Is university a waste of our limited time on this planet?
As the imminent exams drain our energy and motivation drop by drop, only the thought that someday it’ll be worth it keeps us from storming out of the Ali G and heading off to do whatever it is we’d rather be doing. After all, our education will help us become better people, achieve our goals and be satisfied with our lives at the end of the day.
Only it won’t. Not according to Captain Fantastic, at least. To Ben Cash, father of six and recently widowed, traditional education is a waste of potential, teaching nothing but how to adapt to a world which is messed up in the first place. His own kids have been reared in a cabin in the woods, speak multiple languages, possess a thorough understanding of the Bill of Rights and are trained in combat. As unrealistic as their omniscience may be, it does make you wonder if there are better ways to assimilate knowledge than spending twenty years slouching on an endless series of chairs, struggling to retain information. We are fully aware that a good deal of it will probably fade away once we’ve passed our exams. What’s more, Ben and his wife Leslie raise their kids to despise not just traditional education but the entire system, with its injustice and repression – watching sweet-looking eight-year-olds spew curses and discuss the meaning of fascism is both unsettling and amusing. When the whole family shows up at her austere Catholic funeral in colourful clothing and flowers in their hair, proclaiming that the dearly departed Leslie wished for her ashes to be dumped in a public toilet, the darkly-clad congregation throws Ben out as if he were insane.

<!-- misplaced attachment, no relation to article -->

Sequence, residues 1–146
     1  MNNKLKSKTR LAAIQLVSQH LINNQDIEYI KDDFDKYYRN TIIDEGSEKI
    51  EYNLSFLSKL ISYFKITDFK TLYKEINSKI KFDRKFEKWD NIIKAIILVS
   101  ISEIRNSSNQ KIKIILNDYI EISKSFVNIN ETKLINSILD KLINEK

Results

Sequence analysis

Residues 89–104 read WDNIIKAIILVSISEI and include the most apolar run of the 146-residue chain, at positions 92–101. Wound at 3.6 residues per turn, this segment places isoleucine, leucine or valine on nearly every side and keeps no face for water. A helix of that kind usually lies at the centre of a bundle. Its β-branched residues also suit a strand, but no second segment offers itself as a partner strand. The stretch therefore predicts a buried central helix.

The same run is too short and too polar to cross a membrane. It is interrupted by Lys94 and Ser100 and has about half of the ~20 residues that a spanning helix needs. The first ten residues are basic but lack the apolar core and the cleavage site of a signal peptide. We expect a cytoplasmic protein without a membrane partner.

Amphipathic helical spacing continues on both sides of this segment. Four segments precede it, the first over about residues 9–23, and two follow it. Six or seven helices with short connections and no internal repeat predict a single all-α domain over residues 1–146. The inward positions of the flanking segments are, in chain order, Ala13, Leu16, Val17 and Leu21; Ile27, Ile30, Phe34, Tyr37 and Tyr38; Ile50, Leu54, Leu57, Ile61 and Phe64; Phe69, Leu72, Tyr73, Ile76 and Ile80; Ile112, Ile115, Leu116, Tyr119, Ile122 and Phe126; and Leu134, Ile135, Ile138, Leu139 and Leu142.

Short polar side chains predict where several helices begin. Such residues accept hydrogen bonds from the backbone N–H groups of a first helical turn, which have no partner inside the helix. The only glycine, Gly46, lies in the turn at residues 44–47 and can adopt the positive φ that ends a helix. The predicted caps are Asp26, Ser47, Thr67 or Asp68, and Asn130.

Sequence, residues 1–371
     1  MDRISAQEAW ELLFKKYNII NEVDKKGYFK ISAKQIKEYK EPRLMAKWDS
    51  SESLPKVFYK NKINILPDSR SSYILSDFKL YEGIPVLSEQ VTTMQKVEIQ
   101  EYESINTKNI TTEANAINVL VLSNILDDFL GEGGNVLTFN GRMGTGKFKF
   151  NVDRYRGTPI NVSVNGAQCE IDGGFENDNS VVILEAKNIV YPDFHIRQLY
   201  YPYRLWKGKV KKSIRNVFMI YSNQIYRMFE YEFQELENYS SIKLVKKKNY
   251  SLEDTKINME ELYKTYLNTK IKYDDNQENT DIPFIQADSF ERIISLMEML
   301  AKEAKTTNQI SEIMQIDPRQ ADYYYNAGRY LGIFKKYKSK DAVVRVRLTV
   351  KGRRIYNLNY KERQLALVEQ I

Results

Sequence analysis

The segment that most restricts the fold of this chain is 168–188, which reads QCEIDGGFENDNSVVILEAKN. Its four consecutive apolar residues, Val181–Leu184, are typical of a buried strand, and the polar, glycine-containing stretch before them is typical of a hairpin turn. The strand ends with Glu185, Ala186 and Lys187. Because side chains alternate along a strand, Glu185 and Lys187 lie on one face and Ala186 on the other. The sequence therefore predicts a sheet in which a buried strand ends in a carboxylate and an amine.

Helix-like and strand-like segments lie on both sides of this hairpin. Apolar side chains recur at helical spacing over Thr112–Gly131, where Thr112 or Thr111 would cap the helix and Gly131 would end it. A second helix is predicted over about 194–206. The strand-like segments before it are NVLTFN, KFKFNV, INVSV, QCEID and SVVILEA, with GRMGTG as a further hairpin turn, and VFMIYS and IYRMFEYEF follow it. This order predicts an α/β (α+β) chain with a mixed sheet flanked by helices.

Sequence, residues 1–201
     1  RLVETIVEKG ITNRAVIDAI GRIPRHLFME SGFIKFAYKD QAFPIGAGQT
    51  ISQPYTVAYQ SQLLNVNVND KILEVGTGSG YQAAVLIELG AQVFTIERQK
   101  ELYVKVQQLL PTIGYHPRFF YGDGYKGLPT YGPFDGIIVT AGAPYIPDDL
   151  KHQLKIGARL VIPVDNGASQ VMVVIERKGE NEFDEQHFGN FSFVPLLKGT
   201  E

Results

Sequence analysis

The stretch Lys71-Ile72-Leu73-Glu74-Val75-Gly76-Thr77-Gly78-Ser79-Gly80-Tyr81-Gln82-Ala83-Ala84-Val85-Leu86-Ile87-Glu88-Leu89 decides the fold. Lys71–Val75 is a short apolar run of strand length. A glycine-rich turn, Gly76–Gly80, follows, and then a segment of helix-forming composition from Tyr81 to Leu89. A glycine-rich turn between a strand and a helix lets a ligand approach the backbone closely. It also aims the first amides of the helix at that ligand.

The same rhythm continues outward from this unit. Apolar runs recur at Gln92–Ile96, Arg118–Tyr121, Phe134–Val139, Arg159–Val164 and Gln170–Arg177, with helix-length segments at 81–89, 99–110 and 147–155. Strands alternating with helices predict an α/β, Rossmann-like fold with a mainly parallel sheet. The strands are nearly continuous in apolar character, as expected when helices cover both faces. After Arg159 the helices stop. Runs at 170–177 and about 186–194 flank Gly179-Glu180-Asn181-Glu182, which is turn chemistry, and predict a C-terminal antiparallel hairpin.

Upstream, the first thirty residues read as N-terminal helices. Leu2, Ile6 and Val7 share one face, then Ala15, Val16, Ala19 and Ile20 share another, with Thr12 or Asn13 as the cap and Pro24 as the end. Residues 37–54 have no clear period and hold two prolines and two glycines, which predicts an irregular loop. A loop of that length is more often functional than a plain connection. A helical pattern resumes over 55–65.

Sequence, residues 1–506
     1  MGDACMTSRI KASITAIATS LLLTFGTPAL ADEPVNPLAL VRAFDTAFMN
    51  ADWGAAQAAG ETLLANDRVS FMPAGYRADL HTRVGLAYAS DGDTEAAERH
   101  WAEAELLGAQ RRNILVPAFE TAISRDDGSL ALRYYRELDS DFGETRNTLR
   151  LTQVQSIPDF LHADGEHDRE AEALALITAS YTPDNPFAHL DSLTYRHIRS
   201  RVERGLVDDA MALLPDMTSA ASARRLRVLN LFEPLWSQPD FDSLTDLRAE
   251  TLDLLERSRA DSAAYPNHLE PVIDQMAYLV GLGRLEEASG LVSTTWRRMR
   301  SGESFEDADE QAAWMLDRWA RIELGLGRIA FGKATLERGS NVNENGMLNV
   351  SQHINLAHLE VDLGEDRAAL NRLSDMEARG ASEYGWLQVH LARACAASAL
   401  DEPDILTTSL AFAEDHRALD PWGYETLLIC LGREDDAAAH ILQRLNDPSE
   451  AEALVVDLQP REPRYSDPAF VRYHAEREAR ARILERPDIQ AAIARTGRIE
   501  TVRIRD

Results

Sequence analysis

Of course, this is perfectly obtuse and unreasonable on their part: Ben is a loving father who only gives his children dangerous weapons to teach them how to slaughter woodland creatures, and only makes them shoplift because he refuses to buy “poisonous” food from a fast food restaurant. I wonder how many of us would sympathise with that logic in real life. The film reverses the established mindset, making normal life seem absurd and an absurd life seem far closer to us. It is certainly not a novelty for a movie to make us root for the outcast who refuses to comply to a rotten system. However, this film is brilliant at making a radical and dangerous life choice so appealing. I sincerely hope that even those of us who do not plan on dropping everything and retiring to a cabin in the woods still nourish the hope of experiencing a full and meaningful life, perhaps even improving the rotten system.
Overall, I think this is a beautiful film. It reminds its audience that they are in control of their life, regardless of how helpless they may feel in an oppressive reality and encourages them to savour every aspect of this world. Any artwork which can deliver this message without precipitating into cheesiness is worth seeing.